Many Japanese folklores tell of the oni – fearsome horned demons with red or blue-gray skin that lived in mountains and caves. The image of the oni, with its ferocious expression, bulging eyes, fanged teeth and large snarling mouth is enough to strike terror in the hearts of anyone.
Unlike evil demons in the west, the oni had been cast in various different roles, both good and bad. In some tales, they are mischievous pranksters, terrifying creatures that devour humans, and bringers of diseases. Other stories saw the oni as fierce, but benevolent protectors, hunters of evil-doers and guardians of villages.
The belief in the oni was deeply rooted in ancient Japan that natural disasters, plagues and famine were often attributed to these monsters. At the same time, in some Shinto ceremonies, priests wore oni masks to chase away evil spirits. Its existence in the Japanese conscious were so prominent that oni characters even appeared in traditional mime and dances, most notably the masked play known as Noh.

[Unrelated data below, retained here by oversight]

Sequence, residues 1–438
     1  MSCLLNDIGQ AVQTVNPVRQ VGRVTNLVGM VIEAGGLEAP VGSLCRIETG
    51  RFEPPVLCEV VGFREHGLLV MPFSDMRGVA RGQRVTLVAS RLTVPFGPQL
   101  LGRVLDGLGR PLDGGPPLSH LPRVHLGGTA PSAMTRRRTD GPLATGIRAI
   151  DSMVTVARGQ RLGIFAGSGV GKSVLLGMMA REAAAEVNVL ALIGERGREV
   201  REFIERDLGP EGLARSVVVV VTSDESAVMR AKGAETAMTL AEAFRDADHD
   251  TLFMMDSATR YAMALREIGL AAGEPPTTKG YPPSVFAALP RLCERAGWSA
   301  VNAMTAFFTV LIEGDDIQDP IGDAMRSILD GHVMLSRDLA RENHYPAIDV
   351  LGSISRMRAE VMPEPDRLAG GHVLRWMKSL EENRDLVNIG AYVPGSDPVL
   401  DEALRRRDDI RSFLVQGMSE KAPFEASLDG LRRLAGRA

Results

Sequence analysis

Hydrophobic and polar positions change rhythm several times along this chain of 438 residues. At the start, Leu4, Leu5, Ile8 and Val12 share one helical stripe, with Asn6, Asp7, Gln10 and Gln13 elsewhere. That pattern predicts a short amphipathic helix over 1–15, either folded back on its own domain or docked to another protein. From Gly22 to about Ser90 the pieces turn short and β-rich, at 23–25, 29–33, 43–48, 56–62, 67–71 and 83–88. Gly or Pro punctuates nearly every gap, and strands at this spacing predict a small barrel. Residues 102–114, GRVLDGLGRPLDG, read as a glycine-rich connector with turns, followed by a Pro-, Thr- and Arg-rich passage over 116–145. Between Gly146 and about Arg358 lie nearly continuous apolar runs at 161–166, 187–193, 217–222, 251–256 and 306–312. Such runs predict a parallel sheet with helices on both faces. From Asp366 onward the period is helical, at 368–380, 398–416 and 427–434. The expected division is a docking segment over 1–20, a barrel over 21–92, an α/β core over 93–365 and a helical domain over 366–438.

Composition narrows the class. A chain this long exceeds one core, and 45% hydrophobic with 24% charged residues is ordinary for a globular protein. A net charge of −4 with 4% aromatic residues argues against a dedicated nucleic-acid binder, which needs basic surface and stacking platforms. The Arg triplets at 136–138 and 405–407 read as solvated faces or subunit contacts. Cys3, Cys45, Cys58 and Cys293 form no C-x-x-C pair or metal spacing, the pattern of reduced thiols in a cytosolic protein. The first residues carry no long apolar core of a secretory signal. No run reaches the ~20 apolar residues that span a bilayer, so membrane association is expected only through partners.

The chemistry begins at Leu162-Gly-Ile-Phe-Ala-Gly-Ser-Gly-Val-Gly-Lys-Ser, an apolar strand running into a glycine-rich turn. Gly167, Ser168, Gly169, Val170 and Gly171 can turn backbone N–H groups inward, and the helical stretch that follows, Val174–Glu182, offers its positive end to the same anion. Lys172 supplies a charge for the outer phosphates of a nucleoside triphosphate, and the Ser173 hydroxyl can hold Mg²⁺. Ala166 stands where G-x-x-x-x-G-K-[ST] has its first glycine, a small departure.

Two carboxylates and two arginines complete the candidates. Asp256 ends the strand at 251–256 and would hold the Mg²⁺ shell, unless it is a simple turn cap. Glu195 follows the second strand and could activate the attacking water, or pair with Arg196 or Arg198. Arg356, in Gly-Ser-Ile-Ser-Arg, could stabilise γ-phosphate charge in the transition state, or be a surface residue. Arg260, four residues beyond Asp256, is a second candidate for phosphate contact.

Today, oni tattoos are often done as a symbol of protection from one’s enemies and all forms of evil. Of course, many body art lovers also chose an oni tattoo out of nothing else but love for Japanese tattooing traditions.